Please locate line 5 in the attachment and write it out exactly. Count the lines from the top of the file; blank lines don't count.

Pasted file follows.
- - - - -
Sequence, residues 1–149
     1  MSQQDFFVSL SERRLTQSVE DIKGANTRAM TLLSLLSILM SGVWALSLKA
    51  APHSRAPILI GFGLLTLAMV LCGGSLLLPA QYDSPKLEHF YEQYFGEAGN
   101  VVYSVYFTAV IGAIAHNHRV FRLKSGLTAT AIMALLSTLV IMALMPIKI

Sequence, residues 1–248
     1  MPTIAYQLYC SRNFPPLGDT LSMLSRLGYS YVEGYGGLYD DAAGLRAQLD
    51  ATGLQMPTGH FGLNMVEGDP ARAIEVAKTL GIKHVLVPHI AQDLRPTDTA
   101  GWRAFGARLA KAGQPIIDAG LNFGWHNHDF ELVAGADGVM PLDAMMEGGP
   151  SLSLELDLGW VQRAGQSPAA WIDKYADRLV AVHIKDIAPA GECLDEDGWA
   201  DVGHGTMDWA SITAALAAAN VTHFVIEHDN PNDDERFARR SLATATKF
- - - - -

Sequence, residues 1–248